Ian Profiri is JURIST’s Staff Correspondent for Canada. He files this dispatch from Calgary.
Huawei CFO Meng Wanzhou and the US Justice Department officials have reached a deal to resolve the criminal charges laid against her over three years ago that have raised tensions between the US, China, and Canada. As part of the deal, Meng has been released from house arrest in Vancouver on a personal recognizance bond, and US officials have withdrawn their extradition request. If Meng abides by the terms of the deal, she could have the US charges against her dismissed.
Meng appeared virtually in a New York courtroom Friday and pleaded “not guilty” to US accusations of selling telecommunications equipment to Iran, violating US sanctions against the Middle-Eastern nation. Meng also appeared before the British Columbia Supreme Court (BCSC) where a justice signed an order of discharge, vacating her bail conditions and allowing Meng to leave Canada. It was hoped that these actions would prompt China to released the so-called “Two Michaels”, Michael Korvig and Michael Spavor, Canadian citizens were widely believed to have been arrested and charged in retaliation for the detainment of Meng. Canadian Prime Minister Justin Trudeau confirmed Friday evening that an airplane carrying the Two Michaels as passengers had left China.
Meng was arrested in Vancouver in December 2018 by Canadian officers at the behest of the US Trump administration. Her detention sparked retaliatory measures including the arrests of the Two Michaels and Chinese application of tariffs against Canadian goods. China called the actions against Meng politically motivated and “inhumane”, further demanding that Canada “take seriously China’s concerns” and release Meng immediately.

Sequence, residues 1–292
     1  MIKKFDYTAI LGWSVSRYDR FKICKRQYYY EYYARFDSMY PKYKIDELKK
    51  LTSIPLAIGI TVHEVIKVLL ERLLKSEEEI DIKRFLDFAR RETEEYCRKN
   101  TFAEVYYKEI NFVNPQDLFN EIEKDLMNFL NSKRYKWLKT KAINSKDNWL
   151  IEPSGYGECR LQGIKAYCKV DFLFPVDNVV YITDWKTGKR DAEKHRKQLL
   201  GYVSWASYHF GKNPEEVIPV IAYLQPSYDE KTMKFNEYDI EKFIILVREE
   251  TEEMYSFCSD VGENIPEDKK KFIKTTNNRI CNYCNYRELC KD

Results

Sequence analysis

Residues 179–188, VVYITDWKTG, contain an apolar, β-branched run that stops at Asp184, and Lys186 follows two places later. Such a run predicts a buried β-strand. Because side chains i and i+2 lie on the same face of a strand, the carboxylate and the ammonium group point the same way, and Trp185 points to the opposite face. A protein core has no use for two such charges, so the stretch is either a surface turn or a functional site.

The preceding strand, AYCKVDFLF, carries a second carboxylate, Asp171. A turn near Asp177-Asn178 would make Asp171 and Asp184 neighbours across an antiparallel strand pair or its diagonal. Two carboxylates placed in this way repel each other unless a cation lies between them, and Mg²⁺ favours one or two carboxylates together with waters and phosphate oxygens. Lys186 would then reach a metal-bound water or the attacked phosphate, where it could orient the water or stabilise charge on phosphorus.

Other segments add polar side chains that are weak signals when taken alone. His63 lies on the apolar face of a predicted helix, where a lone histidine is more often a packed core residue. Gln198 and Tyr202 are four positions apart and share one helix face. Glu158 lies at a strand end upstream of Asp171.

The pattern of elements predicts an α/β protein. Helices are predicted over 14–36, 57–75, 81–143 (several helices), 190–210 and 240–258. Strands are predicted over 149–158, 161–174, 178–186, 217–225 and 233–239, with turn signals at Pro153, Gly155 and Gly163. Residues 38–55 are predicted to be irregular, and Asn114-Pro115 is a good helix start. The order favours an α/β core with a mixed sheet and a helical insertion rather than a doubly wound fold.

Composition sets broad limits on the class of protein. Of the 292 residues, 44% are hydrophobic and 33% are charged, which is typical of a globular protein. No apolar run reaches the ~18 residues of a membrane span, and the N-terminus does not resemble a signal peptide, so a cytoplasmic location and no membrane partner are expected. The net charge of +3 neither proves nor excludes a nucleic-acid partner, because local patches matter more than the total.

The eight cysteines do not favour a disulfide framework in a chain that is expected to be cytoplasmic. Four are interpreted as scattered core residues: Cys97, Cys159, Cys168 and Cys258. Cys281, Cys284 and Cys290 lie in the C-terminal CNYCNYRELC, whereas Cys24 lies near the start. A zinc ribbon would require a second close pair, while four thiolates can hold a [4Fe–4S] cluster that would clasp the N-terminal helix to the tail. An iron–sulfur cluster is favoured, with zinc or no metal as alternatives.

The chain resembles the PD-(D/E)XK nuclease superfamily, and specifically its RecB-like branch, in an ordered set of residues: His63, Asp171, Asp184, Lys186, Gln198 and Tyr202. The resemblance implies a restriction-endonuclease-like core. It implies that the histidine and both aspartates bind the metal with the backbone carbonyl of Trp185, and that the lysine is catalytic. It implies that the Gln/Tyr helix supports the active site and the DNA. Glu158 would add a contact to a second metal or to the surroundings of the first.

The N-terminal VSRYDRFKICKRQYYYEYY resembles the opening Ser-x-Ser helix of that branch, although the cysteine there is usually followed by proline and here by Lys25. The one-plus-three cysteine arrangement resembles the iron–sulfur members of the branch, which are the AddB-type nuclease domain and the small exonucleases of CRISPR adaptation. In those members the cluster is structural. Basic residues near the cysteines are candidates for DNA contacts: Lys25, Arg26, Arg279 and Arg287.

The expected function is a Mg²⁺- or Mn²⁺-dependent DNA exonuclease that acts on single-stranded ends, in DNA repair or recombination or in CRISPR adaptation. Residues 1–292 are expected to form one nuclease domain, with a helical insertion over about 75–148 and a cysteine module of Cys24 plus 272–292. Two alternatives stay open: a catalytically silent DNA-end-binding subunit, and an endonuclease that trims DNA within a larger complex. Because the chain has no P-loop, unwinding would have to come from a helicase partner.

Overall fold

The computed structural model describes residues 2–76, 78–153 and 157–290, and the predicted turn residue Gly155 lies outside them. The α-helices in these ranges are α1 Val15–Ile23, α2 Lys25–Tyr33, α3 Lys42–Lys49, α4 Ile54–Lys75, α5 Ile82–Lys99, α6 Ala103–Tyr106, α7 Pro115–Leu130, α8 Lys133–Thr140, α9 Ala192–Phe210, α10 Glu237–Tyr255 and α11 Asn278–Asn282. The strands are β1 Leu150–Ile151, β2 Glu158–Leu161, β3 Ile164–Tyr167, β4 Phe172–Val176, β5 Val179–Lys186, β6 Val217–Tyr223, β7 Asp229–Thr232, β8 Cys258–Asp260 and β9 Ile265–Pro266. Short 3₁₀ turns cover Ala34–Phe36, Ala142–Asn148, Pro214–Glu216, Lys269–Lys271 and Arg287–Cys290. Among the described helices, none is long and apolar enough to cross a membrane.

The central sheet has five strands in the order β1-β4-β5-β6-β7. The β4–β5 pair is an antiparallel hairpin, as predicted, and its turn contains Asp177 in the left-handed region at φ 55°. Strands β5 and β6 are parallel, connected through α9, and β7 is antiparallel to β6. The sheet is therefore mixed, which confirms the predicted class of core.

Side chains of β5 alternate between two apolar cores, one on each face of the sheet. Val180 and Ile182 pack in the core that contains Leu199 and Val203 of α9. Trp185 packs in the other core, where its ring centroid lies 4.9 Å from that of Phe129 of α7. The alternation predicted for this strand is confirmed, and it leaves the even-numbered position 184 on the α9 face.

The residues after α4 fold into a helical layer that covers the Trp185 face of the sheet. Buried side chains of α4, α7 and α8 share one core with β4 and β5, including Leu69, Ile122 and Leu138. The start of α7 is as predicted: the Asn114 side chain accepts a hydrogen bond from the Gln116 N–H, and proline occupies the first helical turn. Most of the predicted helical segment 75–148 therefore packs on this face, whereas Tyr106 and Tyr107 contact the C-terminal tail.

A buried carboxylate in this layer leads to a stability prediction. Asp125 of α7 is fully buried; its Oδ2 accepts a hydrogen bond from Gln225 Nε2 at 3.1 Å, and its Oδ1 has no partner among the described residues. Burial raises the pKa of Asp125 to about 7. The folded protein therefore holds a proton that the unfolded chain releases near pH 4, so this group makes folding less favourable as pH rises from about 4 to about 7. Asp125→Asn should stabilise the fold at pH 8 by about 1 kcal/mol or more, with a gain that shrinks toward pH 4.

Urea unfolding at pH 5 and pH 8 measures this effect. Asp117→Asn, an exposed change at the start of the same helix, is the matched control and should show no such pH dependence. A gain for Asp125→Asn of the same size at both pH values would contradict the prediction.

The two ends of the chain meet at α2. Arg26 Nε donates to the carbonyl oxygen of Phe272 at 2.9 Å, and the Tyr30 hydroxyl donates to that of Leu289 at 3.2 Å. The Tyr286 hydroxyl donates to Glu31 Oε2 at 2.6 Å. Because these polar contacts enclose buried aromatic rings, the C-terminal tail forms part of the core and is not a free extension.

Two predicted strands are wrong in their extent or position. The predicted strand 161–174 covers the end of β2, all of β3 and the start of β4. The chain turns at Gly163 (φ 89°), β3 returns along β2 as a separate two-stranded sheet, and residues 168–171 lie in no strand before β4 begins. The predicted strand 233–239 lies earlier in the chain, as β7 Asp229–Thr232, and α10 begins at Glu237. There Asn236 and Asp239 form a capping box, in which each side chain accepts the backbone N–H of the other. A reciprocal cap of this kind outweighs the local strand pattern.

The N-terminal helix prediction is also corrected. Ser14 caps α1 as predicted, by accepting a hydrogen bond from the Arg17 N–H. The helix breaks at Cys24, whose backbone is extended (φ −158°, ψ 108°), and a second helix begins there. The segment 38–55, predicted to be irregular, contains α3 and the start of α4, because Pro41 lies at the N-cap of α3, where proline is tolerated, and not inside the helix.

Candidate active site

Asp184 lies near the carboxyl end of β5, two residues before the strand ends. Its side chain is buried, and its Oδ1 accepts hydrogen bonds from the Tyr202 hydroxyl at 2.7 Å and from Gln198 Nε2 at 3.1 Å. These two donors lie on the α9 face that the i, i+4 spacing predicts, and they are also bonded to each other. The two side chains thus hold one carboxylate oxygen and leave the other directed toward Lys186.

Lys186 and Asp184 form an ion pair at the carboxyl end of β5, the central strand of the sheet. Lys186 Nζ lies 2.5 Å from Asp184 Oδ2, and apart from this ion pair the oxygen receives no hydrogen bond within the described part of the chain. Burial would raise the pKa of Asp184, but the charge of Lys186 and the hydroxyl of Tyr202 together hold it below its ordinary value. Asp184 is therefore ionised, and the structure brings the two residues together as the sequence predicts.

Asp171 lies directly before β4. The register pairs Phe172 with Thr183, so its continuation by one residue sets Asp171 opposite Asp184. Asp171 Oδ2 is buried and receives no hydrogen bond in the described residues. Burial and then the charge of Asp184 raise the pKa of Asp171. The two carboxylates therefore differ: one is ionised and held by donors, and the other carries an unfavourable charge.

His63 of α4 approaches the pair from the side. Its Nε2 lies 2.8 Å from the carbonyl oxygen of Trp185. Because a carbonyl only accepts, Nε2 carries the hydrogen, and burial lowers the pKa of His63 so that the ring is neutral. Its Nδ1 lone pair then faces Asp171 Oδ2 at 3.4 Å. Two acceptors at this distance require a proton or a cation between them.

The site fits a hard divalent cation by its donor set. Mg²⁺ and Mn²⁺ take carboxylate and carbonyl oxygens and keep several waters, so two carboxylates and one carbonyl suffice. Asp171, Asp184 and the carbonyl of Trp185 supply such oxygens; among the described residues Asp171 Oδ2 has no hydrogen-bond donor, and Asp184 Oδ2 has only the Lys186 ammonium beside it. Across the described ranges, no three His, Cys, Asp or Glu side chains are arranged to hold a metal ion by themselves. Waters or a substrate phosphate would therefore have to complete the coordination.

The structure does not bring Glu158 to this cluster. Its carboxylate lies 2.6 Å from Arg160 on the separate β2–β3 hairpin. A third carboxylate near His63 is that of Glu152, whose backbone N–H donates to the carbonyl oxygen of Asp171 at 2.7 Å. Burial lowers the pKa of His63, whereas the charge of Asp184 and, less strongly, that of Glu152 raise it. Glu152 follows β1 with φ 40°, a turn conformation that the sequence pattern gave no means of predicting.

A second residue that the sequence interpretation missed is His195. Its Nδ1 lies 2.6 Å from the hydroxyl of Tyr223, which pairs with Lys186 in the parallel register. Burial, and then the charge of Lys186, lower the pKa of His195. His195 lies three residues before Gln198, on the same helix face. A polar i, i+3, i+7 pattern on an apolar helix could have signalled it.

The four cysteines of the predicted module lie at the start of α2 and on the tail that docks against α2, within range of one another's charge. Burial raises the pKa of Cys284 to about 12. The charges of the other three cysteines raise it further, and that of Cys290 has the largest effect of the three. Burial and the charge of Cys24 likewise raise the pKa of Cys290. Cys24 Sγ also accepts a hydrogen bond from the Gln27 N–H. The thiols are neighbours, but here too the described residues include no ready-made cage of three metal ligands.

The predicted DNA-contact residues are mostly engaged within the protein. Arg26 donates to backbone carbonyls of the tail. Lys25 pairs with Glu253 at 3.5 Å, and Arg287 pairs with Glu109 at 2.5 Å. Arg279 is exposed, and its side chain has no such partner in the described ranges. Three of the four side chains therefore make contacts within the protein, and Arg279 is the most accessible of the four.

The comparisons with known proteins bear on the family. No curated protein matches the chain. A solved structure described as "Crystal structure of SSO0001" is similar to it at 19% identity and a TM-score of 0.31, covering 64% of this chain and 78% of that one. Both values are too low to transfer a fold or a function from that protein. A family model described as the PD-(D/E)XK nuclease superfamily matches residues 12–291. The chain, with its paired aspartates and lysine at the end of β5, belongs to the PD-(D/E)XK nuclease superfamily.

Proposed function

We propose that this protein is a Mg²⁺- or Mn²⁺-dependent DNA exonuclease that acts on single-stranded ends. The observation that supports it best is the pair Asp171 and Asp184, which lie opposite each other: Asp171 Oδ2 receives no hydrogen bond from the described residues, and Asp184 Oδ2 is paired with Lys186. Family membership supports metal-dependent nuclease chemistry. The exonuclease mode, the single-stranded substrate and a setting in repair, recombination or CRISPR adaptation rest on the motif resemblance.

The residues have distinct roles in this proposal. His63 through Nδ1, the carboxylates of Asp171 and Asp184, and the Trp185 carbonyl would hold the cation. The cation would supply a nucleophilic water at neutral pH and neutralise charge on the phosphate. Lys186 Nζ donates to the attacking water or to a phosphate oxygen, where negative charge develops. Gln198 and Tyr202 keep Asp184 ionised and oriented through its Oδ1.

Meng was initially indicted on bank and wire fraud for allegedly intentionally misleading a bank in Huawei’s dealing with Iran. Meng was released on conditional bail to house arrest in December 2018, and was detained in her Vancouver mansion ever since. In May 2020, the BSCS ruled that the charges against Meng met the standard of “double criminality”, that the alleged acts could be considered crimes in Canada, required under Canadian law to form the basis of an extradition to the requesting nation. Afterwards, the two Michaels were formally charged in China with espionage.
Beijing has always officially insisted that there is no connection between the events. The Canadian government at the time of Meng’s arrest gave deference to the courts in resolving the matter. Prime Minister Trudeau bluntly reminded observers that the Canadian judiciary acts independently from the executive, and that the latter would not interfere in the proceedings of the former. Trudeau also discounted ideas of a trade between the two nations for their prisoners.
Recently, Chinese courts held highly secretive hearings for each of the Two Michaels. Spavor was then found guilty and sentenced to 11 years in prison. At the time Prime Minister \Trudeau called the ruling “unacceptable” and noted that the verdict “comes after more than two and a half years or arbitrary detention, a lack of transparency in the legal process, and a trial that did not satisfy . . . standards required by international law.” As of today, the Chinese verdict on Michael Korvig’s charges has yet to be released to the public.
Today’s developments hopefully put an end to a political saga that started nearly four years ago.